The Hoover Sign – Explained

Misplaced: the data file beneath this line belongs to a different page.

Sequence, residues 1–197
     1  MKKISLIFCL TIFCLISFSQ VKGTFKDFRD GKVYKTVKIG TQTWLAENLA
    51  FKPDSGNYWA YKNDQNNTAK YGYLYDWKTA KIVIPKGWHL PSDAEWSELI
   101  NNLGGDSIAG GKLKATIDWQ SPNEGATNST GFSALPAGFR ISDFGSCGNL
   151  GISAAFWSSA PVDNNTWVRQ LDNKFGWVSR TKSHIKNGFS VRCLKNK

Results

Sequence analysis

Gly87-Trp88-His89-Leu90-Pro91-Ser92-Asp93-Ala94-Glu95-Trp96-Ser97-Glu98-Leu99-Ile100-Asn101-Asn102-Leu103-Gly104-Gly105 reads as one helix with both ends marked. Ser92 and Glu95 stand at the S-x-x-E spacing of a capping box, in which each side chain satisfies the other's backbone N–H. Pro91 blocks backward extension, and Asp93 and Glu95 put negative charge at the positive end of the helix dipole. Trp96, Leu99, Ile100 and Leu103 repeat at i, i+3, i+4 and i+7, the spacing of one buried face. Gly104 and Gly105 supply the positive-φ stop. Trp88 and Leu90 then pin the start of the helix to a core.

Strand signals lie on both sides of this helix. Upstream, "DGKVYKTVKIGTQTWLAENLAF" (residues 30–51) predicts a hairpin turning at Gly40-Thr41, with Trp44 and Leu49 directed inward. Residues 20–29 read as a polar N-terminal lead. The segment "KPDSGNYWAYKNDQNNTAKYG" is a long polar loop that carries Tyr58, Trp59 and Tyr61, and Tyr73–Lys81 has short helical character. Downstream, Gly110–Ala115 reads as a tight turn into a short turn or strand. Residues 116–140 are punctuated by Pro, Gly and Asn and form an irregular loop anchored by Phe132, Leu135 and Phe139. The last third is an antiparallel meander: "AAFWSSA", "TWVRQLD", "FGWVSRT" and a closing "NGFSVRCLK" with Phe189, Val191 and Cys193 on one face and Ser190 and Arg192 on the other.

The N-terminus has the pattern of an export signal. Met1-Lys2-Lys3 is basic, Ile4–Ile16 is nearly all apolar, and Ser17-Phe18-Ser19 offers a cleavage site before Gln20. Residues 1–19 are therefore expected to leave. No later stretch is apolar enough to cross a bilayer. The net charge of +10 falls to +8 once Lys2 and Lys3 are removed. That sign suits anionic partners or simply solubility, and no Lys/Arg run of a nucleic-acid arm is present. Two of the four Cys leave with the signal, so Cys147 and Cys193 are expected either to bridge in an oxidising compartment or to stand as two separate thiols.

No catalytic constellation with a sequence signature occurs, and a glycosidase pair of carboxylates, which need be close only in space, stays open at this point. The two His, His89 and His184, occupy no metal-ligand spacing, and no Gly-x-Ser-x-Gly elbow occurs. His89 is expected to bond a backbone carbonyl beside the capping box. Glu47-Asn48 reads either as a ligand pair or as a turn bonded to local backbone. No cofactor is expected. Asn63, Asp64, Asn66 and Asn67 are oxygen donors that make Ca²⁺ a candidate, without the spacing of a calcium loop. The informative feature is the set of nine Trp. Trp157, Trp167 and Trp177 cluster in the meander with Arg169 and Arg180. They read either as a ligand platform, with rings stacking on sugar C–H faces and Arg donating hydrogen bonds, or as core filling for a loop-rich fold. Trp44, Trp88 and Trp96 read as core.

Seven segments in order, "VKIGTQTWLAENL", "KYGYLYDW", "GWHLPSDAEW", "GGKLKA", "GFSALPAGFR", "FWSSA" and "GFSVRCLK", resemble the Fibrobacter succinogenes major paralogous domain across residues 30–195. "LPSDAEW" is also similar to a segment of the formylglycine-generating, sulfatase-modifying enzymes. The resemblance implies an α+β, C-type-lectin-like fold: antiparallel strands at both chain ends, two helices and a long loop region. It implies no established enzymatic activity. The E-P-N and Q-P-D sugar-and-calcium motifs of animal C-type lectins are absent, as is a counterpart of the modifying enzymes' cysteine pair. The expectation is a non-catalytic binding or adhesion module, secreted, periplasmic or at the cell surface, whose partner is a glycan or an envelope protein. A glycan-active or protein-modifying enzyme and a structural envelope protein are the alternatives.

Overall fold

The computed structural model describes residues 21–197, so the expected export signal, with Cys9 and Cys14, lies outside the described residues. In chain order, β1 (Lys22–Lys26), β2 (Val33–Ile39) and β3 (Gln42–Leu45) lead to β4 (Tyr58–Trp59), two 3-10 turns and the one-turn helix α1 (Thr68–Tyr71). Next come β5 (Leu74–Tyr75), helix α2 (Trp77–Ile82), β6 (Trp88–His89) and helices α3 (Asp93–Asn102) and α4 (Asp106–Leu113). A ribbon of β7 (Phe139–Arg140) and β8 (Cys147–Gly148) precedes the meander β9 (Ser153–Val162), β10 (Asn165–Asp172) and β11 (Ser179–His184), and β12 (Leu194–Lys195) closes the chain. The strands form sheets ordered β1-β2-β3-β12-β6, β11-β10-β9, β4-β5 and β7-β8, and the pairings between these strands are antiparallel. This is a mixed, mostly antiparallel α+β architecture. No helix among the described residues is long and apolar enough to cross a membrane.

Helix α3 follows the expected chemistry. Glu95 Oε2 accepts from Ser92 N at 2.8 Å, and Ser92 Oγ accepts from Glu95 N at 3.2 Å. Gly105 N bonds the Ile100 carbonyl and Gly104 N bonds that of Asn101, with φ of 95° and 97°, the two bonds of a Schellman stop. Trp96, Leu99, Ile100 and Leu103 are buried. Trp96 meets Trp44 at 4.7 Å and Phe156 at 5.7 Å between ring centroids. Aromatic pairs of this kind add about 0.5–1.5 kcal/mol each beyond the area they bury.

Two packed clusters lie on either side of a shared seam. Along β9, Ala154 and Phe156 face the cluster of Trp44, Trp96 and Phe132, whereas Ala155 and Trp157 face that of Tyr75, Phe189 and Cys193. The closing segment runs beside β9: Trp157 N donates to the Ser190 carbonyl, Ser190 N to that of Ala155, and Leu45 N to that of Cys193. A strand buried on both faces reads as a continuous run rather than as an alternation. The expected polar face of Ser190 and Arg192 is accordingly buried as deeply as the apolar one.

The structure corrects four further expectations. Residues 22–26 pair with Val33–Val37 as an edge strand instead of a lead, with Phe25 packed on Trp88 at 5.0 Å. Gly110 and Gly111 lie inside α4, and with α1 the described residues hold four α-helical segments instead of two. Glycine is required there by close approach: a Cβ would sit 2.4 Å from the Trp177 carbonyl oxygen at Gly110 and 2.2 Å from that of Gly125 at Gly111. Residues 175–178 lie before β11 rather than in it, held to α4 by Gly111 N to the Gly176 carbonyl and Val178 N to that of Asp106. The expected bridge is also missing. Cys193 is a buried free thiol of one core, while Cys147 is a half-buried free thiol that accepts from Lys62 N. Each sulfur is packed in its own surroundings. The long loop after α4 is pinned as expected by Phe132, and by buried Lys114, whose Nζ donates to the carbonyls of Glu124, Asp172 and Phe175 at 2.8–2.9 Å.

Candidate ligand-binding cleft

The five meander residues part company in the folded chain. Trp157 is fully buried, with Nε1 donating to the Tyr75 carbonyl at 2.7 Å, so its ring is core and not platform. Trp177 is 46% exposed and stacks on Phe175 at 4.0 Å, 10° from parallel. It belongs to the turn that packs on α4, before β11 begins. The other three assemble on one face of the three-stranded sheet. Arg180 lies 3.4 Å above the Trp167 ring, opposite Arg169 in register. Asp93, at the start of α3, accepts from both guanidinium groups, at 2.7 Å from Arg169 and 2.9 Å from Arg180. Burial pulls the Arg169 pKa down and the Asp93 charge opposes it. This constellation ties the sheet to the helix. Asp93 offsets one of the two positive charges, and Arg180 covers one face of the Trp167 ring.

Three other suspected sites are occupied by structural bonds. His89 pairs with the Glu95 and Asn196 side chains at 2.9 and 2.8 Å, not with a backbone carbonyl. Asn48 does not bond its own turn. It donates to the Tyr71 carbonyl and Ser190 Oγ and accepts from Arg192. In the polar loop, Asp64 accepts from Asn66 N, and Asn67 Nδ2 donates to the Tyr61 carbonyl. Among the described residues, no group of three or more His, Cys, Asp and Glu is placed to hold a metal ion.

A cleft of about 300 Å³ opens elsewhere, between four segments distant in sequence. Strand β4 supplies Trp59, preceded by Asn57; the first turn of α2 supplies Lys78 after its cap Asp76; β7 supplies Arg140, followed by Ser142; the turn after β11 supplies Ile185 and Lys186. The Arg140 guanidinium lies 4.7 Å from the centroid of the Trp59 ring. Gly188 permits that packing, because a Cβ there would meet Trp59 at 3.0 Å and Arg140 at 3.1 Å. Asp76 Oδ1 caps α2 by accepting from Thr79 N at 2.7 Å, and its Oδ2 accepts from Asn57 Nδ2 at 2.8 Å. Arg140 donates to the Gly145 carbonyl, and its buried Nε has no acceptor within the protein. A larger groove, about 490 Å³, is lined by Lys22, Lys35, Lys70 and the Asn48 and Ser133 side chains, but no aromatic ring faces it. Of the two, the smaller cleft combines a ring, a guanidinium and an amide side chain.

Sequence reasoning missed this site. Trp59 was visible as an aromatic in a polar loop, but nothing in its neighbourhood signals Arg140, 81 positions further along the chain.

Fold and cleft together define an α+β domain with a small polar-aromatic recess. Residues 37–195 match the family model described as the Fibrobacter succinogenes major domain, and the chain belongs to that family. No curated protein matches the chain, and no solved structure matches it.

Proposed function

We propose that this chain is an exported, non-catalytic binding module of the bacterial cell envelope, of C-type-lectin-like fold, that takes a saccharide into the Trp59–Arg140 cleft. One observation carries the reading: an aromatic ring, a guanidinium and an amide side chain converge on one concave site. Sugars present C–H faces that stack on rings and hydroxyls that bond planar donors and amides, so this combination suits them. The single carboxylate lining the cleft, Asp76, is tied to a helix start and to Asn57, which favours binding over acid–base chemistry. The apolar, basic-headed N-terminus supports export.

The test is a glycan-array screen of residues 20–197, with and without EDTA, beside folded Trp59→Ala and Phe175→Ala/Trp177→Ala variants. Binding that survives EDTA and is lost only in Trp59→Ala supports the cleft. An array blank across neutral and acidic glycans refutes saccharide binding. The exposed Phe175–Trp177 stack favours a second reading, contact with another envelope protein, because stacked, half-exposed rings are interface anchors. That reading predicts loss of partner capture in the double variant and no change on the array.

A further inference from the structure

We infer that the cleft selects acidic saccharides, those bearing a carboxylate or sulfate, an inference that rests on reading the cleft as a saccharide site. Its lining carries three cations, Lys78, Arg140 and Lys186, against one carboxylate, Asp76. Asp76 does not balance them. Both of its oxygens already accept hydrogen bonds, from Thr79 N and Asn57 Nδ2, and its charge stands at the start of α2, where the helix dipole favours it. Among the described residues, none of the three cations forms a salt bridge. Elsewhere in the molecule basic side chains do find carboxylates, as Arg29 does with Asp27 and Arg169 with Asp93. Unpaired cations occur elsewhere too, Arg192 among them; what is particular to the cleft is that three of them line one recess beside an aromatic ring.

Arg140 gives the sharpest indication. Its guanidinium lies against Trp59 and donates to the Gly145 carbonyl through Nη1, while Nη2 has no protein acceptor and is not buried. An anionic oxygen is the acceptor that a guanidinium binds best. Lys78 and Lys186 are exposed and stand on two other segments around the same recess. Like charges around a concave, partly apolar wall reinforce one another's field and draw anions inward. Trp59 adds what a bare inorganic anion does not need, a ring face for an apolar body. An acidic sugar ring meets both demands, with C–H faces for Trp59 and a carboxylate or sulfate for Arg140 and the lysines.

When the diaphragm contracts, pleural pressure falls, exerting a caudal and inward force on the entire rib cage. However, the diaphragm also exerts forces in the cranial and outward direction on the lower ribs. One of these forces, the “insertional force,” is applied by the muscle at its attachments to the lower ribs. The second, the “appositional force,” is due to the transmission of abdominal pressure to the lower rib cage in the zone of apposition. In the control condition at functional residual capacity, the effects of these two forces on the lower ribs are nearly equal and outweigh the effect of pleural pressure, whereas for the upper ribs, the effect of pleural pressure is greater. The balance between these effects, however, may be altered. When the abdomen is given a mechanical support, the insertional and appositional forces are increased, so that the muscle produces a larger expansion of the lower rib cage and, with it, a smaller retraction of the upper rib cage. In contrast, at higher lung volumes the zone of apposition is decreased, and pleural pressure is the dominant force on the lower ribs as well. Consequently, although the force exerted by the diaphragm on these ribs remains inspiratory, rib displacement is reversed into a caudal-inward displacement. This mechanism likely explains the inspiratory retraction of the lateral walls of the lower rib cage observed in many subjects with chronic obstructive pulmonary disease (Hoover’s sign). These observations support the use of a three-compartment, rather than a two-compartment, model to describe chest wall mechanics.